If you have any concerns about shenanigans whatsoever, get a lawyer. This is definitely an area where the investment is worth it.

(The new mortgage should be registered in your state's land registry, but maybe not fast enough for your purposes.)
posted by praemunire at 2:27 PM on August 7


Agree 100% that you should have a lawyer involved in this. Assuming the house is a major asset/obligation relative to your finances, this is not something you want to do without speaking with a lawyer who knows about real estate and ideally also divorce.
posted by Mid at 2:30 PM on August 7


While you should check with a lawyer, I think this is pretty clear -- your ex cannot get a mortgage on his own for a house that he does not have a clear title to. His mortgage company wants to know that you won't compete with their claim to the title. They won't issue the mortgage without it.

You are absolutely correct that as a part of the transaction (on the same day), his new solo mortgage pays off your old joint mortgage, and releases you from responsibility to the old mortgage. You should ask for a statement that that mortgage with your name has been fulfilled or cancelled.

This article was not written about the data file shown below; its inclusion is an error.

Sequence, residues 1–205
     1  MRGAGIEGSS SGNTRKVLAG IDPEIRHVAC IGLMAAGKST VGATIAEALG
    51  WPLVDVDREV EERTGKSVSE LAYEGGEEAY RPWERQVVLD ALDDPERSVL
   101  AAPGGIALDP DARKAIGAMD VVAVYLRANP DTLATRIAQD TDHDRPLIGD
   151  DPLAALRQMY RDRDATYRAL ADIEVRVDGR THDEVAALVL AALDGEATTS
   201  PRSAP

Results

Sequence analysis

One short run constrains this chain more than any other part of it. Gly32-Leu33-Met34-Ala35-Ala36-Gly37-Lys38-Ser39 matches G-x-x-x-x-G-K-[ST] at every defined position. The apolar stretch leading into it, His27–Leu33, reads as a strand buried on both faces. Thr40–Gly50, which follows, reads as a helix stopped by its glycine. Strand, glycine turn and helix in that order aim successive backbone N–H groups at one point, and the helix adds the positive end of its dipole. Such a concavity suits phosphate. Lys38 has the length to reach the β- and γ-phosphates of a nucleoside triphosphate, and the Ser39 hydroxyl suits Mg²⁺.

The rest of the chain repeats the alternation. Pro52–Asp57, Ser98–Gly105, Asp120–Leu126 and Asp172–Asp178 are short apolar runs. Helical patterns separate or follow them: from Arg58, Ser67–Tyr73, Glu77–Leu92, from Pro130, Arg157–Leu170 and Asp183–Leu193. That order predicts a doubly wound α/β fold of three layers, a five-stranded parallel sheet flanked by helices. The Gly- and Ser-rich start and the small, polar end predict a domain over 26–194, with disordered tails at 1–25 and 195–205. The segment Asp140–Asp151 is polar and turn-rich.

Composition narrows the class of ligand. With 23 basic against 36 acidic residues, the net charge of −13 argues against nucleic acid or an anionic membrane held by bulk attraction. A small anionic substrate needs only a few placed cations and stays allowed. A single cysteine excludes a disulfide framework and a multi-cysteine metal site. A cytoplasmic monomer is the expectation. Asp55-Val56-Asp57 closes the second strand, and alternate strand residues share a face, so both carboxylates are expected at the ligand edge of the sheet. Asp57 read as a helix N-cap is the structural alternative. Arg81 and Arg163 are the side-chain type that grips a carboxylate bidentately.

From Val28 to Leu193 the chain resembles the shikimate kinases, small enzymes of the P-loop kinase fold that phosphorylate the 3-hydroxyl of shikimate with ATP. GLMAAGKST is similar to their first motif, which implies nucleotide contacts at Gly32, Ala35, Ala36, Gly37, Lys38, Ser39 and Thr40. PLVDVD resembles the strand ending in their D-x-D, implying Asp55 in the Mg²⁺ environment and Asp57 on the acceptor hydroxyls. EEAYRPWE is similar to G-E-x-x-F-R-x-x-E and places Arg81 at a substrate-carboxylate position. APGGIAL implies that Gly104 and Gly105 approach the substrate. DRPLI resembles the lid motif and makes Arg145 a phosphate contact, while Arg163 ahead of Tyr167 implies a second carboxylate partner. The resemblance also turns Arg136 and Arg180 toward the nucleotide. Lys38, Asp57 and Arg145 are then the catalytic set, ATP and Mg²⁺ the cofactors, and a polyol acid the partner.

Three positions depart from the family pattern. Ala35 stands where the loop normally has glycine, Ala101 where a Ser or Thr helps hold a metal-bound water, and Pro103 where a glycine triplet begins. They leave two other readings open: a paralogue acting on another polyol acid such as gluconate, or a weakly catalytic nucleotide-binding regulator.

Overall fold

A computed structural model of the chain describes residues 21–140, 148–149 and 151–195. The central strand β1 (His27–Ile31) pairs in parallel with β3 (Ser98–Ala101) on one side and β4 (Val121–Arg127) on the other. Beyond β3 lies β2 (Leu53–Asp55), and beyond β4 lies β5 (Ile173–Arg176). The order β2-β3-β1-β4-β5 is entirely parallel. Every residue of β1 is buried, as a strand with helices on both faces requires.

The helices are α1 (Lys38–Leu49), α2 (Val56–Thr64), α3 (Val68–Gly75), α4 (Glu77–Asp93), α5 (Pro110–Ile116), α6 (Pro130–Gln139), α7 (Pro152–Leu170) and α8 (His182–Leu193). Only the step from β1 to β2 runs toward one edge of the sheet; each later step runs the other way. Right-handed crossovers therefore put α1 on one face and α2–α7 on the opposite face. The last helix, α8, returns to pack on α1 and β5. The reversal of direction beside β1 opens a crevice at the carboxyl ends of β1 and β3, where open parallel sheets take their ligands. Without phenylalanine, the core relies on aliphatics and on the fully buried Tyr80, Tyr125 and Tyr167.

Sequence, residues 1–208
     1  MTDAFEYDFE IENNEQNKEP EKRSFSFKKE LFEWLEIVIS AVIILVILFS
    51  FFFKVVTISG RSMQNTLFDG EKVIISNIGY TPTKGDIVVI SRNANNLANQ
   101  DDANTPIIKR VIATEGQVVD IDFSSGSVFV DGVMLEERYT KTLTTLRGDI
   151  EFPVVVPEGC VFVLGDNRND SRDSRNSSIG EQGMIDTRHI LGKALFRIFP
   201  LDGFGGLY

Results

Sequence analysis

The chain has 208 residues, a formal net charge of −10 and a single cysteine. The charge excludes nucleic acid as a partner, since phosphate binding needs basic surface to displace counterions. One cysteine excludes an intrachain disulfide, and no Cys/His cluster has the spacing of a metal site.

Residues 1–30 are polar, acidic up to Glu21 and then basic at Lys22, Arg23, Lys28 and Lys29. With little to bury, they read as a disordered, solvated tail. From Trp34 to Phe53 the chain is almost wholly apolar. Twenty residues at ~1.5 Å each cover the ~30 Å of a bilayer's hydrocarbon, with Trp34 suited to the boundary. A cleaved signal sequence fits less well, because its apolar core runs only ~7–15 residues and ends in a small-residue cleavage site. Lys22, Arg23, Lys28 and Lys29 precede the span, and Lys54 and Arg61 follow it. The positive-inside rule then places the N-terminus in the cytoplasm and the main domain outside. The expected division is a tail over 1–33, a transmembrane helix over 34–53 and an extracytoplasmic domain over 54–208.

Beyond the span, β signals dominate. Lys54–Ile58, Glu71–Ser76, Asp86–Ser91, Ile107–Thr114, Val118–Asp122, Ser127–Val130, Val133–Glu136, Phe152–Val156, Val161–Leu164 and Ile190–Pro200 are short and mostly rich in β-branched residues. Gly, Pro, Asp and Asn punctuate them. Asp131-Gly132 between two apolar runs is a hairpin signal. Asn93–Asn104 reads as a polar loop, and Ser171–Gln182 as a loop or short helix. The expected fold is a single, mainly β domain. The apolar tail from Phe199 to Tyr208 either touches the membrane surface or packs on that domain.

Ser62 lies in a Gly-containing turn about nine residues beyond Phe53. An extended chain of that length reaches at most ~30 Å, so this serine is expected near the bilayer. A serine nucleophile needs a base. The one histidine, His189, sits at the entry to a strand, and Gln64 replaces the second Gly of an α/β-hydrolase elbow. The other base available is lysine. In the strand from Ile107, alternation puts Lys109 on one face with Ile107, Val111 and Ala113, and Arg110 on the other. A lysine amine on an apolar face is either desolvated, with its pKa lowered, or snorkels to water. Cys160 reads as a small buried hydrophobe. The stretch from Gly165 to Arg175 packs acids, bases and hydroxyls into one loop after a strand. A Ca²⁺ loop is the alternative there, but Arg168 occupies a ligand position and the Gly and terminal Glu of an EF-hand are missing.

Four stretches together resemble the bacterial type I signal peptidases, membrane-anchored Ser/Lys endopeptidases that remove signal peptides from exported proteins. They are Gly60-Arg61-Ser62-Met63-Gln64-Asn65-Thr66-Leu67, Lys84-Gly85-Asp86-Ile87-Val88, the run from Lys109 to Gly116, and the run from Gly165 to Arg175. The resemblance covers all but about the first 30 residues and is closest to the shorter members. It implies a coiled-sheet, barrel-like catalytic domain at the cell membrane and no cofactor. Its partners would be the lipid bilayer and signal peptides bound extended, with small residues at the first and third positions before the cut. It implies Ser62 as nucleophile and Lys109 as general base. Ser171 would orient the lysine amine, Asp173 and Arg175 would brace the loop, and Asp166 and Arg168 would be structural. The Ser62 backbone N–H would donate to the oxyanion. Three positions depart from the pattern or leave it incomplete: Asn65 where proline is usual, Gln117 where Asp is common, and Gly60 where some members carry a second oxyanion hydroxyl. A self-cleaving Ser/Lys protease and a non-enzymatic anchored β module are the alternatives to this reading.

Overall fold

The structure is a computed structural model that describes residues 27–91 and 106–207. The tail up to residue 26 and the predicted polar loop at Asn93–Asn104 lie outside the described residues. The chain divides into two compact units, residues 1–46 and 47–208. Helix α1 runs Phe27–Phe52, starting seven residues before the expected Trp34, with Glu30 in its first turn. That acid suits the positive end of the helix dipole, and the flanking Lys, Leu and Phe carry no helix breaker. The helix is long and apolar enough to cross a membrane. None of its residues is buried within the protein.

I don't think it would be possible for him to get a new mortgage with you on it without a great deal of shenanigans or paperwork from you, so I doubt that is the case.
posted by Dashy at 2:37 PM on August 7 [2 favorites]


Keep the documents clear in your mind. The document that obligates someone to pay is the promissory note. If a new promissory note is signed by him and the old one is destroyed, cancelled, or marked paid, you are in the clear. It does not really matter if your name remains on a mortgage if there is no obligation under a promissory note and if you have no interest in the land.